This isn't an easy blog for me to write or even title this week. One of the not so good things about getting older is the bad news we get about many of our childhood heroes and those we watched play, jealous they weren't on our hometown team. Harmon Killebrew was a player that falls into that category for me. The news that he was entering hospice with a cancer that was no longer treatable brought sadness to my heart. That news also made me thing of all the great accomplishments of his on the baseball field. He was a favorite of mine back in the 60's and early 70's. Even though he played for the Twins and I was an A's and Royals fan, I always admired his power and ability to drive in key runs in a game. Plus, Harmon looked like a everyday fan and not a well chiseled athlete, and that made me root for him even more (him and Mickey Lolich who often looked like he had downed a whole pizza or two before taking the mound, kind of like me at times in my life).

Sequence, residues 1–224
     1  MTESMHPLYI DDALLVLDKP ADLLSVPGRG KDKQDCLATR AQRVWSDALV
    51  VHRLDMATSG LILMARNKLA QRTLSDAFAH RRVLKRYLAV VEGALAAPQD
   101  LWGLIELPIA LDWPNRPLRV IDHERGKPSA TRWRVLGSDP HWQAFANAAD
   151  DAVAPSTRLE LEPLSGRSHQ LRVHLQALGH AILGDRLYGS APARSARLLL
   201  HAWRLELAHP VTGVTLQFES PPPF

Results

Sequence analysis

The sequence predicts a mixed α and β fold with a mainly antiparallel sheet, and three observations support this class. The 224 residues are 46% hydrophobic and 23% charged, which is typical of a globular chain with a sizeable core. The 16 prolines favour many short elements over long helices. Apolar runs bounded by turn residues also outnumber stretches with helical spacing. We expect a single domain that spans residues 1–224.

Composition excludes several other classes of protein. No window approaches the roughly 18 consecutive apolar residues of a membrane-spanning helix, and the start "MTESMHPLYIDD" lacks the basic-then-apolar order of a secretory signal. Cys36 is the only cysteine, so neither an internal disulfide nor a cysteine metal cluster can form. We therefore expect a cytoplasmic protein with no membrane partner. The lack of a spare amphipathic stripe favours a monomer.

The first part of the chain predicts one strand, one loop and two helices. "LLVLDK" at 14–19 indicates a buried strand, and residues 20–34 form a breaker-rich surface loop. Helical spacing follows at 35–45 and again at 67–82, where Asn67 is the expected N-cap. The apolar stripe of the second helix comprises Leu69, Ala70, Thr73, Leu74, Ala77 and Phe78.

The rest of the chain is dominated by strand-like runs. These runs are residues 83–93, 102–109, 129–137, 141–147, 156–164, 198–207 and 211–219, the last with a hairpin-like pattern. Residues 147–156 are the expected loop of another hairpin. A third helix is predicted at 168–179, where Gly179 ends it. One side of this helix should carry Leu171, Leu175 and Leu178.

Then in 1975, my Royals signed him to a one year deal. He hit a few homers for us that year, but those were not the highlights I remember. What I remember is the warm summer night when Harmon stole not one but two bases. He stole second twice on what we all supposed were missed hit and runs. Pitchers had little concern about him stealing so keeping Killebrew close to the bag was not a priority. Whatever the reasons involved, it was truly a remarkable event to witness.
Fast forward a few years now. My family was visiting the Mall of America in the Twin Cities (Bloomington). As we were looking around I notices a stadium seat hanging on the wall out in the Camp Snoopy area. "Oh yeah," says the operator of the log ride, "That's where Harmon Killebrew's 500th homer landed and they kept the seat in the same location when they tore down Metropolitan Stadium and built this place." I thought that was really cool to see. I mean even if they missed by a few feet, it's still a great tribute to a superb hitter and hero in Minnesota.
It is always sad that eventually our heroes have to show they're mortal and fight the same diseases we do and show they are just like all of us. We know that in our minds, but our hearts want not to believe that fact. All I wish for now is that Harmon finds peace and solace in his final days. In his rememberances as he sleeps, may all his homers be long three run blasts and may every pitcher ignore him at first allowing him to steal bases at will. He'll always one of my all time favorites.